- EU returns J&J vaccines to South Africa
We’ve told you about this before: In a weird and modern twist on colonialism, the contract between SA and Johnson & Johnson to fill-finish its vaccine had a loophole that required SA to give those doses to the European Union – which already had a stockpile. 😕 But thanks to Ramaphosa’s intervention, the contract has been converted to a licence agreement that relinquishes J&J’s control over where the vaccines can go. The doses were returned, and now the vaccines will go to the African countries that desperately need them.
- Julius Malema guilty of breaching ethical codes
Ah, Julius Malema, the loud-mouth red beret who always has something to say. But this time, his comments have come back to bite him on the backside.
Malema was found guilty for breaching Parliament’s code of ethical conduct on two counts. First, he made a comment on migrants, saying they should find more “creative ways” to enter the country when the hard lockdown was imposed last year. 😬
Malema also breached the ethics code when he questioned judge Keoagile Elias Matojane during the controversial Judicial Service Commission (JSC) interviews in April. Since Malema is a representative of the National Assembly on the JSC he should not have asked questions about a case that related to him personally, the committee said.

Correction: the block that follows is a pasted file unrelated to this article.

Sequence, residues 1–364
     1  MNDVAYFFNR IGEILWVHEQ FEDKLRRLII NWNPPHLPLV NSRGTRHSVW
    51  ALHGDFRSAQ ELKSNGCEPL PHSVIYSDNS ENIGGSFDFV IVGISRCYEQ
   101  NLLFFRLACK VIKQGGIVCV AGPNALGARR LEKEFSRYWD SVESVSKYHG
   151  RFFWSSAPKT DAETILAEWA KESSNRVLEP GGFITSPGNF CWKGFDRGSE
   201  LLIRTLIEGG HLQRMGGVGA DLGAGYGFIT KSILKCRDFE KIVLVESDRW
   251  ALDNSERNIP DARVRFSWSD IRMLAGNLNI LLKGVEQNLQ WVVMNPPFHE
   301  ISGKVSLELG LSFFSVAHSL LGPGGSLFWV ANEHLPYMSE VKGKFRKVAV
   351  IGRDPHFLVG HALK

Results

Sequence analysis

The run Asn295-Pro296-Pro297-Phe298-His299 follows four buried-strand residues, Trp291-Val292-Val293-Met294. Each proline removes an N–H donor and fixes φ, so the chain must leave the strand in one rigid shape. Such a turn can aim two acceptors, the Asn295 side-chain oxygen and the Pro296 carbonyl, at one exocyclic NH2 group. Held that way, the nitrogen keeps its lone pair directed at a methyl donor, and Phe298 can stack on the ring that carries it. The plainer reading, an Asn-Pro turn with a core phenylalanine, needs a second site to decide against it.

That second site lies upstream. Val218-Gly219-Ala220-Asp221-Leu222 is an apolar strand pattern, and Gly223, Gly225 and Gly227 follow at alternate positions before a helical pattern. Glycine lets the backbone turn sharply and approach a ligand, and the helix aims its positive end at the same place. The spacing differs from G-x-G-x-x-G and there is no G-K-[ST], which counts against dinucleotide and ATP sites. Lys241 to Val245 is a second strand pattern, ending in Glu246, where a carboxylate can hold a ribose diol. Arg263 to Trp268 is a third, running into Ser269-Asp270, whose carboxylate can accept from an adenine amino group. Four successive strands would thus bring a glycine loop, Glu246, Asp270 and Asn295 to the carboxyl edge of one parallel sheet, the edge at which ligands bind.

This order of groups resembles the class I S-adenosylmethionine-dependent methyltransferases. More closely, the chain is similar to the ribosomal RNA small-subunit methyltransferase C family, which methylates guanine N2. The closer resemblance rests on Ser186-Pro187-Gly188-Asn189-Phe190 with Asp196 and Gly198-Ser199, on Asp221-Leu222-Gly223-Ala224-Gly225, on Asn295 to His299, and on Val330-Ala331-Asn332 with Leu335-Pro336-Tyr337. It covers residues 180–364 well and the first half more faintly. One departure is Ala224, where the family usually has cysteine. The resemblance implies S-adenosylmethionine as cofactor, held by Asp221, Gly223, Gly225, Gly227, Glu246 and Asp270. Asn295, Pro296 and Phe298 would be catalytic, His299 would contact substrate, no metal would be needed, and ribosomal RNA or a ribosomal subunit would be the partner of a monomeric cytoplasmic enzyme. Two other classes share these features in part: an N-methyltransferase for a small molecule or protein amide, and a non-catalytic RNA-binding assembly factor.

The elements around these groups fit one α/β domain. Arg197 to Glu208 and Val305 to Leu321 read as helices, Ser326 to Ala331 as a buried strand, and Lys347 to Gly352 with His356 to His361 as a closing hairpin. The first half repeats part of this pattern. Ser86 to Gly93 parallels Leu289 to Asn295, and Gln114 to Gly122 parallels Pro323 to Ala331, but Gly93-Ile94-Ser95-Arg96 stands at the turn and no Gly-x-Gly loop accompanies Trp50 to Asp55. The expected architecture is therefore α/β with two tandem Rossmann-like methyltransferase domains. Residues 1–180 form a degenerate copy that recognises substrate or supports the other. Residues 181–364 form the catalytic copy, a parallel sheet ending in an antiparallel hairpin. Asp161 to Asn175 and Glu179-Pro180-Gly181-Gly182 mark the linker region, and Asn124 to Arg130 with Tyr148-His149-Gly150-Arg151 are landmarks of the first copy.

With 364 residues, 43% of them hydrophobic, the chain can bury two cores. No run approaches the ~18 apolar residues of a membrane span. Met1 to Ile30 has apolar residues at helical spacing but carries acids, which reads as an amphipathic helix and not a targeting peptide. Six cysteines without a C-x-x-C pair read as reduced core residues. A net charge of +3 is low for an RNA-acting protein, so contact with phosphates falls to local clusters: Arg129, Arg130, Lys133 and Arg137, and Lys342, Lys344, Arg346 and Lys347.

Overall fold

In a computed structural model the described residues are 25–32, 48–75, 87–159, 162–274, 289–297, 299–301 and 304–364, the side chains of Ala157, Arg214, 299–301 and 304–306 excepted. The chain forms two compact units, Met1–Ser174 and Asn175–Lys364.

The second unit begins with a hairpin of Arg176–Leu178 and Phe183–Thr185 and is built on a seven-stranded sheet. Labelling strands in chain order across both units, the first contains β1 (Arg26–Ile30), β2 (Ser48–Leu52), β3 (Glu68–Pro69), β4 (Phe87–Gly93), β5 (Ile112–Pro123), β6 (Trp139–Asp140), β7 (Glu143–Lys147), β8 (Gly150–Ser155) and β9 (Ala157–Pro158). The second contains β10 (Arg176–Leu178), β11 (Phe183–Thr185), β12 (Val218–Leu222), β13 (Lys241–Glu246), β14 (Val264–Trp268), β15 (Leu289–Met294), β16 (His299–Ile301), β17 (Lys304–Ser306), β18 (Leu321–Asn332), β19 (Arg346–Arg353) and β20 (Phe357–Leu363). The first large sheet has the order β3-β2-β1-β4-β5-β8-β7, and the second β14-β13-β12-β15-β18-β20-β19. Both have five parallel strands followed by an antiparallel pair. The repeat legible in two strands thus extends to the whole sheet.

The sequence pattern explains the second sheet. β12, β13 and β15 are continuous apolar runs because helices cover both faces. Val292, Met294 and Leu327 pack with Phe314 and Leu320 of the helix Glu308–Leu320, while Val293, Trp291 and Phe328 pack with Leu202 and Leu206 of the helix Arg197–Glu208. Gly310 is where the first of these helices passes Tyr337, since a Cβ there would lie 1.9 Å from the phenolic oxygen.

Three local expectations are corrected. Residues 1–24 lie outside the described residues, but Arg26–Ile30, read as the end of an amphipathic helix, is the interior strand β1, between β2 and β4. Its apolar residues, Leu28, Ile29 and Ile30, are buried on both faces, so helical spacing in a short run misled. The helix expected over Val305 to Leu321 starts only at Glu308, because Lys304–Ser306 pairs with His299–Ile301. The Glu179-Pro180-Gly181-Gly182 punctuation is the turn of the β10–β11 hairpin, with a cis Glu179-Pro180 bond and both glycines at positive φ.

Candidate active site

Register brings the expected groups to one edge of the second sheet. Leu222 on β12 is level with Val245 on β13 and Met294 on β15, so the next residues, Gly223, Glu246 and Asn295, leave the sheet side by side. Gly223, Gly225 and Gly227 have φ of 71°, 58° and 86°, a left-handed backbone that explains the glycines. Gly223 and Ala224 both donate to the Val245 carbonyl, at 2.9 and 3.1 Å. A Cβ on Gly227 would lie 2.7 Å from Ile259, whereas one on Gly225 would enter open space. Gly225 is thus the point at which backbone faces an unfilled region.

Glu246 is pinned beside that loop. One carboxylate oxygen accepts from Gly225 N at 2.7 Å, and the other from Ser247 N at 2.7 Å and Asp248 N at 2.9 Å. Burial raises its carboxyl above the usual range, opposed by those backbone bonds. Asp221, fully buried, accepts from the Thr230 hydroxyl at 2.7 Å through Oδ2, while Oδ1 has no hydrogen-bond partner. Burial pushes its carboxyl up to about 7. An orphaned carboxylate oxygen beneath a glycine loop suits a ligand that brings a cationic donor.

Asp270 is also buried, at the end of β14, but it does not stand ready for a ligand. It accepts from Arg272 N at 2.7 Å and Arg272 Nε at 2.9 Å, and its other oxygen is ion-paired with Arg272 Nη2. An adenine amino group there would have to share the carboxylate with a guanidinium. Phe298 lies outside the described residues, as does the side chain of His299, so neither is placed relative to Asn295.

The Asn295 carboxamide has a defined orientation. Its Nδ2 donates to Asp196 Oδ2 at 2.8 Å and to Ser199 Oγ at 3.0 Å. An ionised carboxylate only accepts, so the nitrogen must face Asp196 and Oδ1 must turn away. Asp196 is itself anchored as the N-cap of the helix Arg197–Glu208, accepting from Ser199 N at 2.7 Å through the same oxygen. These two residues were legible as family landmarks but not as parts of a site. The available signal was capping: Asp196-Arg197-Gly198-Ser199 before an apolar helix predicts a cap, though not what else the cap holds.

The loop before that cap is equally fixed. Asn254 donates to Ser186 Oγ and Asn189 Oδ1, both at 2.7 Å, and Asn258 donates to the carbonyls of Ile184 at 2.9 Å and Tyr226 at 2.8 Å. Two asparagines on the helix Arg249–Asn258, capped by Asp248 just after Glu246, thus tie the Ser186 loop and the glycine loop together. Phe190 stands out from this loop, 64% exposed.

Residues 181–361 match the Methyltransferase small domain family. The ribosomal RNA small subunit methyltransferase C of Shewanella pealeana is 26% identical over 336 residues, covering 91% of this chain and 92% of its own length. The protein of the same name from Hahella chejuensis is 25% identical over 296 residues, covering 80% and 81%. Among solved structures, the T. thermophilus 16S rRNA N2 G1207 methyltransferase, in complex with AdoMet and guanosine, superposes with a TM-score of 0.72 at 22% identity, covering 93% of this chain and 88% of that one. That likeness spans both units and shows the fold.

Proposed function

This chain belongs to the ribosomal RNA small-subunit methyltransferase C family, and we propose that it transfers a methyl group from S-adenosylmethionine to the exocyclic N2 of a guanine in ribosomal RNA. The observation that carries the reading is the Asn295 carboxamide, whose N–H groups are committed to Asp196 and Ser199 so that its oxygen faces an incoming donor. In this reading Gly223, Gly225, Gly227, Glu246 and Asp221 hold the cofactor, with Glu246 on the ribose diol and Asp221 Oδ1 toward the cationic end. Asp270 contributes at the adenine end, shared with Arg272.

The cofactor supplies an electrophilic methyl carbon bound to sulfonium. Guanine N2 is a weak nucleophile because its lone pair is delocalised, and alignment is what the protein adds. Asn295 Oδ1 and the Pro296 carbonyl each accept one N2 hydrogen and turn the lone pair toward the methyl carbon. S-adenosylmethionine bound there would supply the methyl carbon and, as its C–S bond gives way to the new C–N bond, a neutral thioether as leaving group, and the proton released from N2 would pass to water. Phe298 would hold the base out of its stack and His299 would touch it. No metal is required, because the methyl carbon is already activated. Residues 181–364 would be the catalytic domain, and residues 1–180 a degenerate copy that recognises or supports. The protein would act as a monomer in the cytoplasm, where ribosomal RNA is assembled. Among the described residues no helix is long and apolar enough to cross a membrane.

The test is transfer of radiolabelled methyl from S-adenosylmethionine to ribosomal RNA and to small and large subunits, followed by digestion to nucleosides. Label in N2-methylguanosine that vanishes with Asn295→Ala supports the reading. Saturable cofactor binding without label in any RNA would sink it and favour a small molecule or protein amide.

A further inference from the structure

We’re especially glad about this one, because the JSC interviews were a dog show and politicians need to stop turning these processes to select our judges into personal vendettas. The committee has left it up to the National Assembly to take action against Malema, TimesLive reported. According to the code, Malema could be reprimanded by the house and/or have some of his salary docked.
- Deokaran’s alleged killers in the dock
You may have heard about murdered health department official Babita Deokaran. She was shot outside her house on 23 August. Her work at the department of health may have made her a target: she was overseeing an investigation into a R332m corrupt personal protective equipment (PPE) deal. Several politicians and commentators spoke out, praising her work and calling for better protection for people like her.
Justice is thankfully happening quite fast. Six suspects linked to the murder appeared for the second time before the Johannesburg Central Court on Monday.
In another case, two municipal directors in the Eastern Cape had death threats delivered to their door, in the form of bullets attached to a picture of themselves and a note saying “you are next”, News24 reported. The two directors are currently presiding over the disciplinary hearings of at least three managers in the municipality who are being investigated on charges relating to fraud and corruption and negligence.
It is ordinary people like these who are at the coalface of fighting corruption. We must protect them.